A Look at “The King and I”

Performer Brian Rivera Gives Us Insight Into the Classic Broadway Production
Brian Rivera is a performer in the touring production of "The King and I". Photo Credit: Broadway San Jose

Arturo Hilario
El Observador


Recently we had the chance to talk to a performer in the Broadway production of “The King and I”, which is going to be presented at the San Jose Center for the Performing Arts from Tuesday February 20th to Sunday February 25th. It is directed by Tony Award winner Bartlett Sher and features the cast of the Lincoln Center  Theater.

Brian Rivera was born in Sacramento and it was in high school there where he began his pursuit of the performing arts. He later went on to study drama at San Francisco State University, spending his formative years in the Bay Area.

In this production of the critically loved play, Rivera takes a turn at playing the titular King of Siam, as well as the King’s second in command, the Kralahome.

In the following Q&A, Rivera gives us a glimpse into the classic, historically based “The King and I”, as well as what it means to him being part of the production.


Hey Brian, thanks for your time. To start off, could you break down what got you interested in the performing arts?

One Sunday I went to our school theater, our gymnasium, [for] a play called “Into the Woods”. It was amazing, but [also] just seeing people around my age just becoming different people and breaking out in song, it blew my mind. So I auditioned every year, but I had no experience. So I didn’t get in, but then I was in the choir, so I got a little experience. I got into “Guys and Dolls” senior year and that kinda solidified it for me, to pursue performing arts. I went to Sacramento City College. I was born in Sacramento but I spent most of my time, my adult years, in the Bay Area. So, I transferred to SF State and I got a degree in Drama there.

What is the story within “The King and I”?

The story of “The King and I” is based on actual period of history in Xi’an, which is modern day Thailand, in 1862. It was a big time of colonial imperialism where it was “Manifest Destiny”, and the European nations were going across the globe to conquer various countries. The king of Xi’an is a very smart, forward-thinking man who says, “we’ve got to change our country and step things up, or else they’re gonna take us over.” So he hires a famous governor’s son to teach his kids English and a little bit of everything. It ends up being influential, to shape the country and staving off the powers that be from taking over. Historically, Thailand is the only Asian country never to be conquered by a European power.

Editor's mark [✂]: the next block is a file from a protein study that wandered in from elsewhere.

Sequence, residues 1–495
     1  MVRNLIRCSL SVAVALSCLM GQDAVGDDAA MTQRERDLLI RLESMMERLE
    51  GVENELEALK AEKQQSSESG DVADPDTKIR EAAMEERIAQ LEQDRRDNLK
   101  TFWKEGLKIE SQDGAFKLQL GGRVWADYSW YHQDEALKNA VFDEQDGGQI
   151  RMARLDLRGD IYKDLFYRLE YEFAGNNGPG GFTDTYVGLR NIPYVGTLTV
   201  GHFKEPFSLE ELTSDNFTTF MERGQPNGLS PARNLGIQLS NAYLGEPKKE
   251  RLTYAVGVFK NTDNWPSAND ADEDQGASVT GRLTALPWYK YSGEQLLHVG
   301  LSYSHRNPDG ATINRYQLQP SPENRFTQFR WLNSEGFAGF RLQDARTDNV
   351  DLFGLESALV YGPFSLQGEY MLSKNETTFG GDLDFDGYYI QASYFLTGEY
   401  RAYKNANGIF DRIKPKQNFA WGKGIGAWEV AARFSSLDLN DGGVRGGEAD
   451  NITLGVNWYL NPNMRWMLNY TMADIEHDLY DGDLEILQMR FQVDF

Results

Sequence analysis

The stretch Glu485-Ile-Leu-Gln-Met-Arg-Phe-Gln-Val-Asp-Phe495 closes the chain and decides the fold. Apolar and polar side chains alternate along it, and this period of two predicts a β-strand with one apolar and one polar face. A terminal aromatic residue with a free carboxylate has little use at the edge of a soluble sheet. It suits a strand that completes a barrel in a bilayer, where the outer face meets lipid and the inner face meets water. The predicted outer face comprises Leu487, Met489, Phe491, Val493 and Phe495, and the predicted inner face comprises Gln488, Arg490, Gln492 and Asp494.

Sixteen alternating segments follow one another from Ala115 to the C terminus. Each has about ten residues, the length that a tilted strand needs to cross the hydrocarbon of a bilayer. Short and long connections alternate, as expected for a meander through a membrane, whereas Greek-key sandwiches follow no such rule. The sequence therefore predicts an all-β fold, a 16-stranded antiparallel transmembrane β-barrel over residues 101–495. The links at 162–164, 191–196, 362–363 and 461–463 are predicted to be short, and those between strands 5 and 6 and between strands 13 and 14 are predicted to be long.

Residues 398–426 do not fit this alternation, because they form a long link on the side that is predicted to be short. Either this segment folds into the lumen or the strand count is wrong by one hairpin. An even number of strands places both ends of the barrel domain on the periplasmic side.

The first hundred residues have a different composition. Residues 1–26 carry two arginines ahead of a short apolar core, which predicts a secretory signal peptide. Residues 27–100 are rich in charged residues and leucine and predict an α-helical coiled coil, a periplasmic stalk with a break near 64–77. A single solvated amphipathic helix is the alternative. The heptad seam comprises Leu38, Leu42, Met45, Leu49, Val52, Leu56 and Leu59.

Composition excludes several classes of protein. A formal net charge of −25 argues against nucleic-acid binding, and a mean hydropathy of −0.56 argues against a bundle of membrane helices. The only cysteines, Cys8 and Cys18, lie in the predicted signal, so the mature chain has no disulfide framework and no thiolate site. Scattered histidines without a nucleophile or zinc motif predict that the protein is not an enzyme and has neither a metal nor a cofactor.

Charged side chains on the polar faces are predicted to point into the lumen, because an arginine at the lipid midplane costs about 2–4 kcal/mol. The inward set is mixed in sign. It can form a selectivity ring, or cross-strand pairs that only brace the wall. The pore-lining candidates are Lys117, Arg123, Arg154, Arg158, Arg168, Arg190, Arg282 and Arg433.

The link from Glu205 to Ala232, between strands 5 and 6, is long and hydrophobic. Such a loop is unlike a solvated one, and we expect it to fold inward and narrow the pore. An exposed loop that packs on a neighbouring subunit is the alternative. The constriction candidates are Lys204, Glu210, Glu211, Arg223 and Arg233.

Could you talk about your role(s) in this production?

I play the king’s right-hand man, it’s called a Kralahome, which is a special title that was created for the actual man in real life. So, he’s like a special prime minister with overreaching powers. He was born into a family of wealthy merchants that became one of the most influential families at the time in Xi’an. He was actually in real life, part of the council that elected or figured who would be the next in line. He’s just loyal to the king, and he’s a traditionalist so when all these western customs are starting to be implemented it’s tough for him, but he wants to do whatever’s best for his king and the country.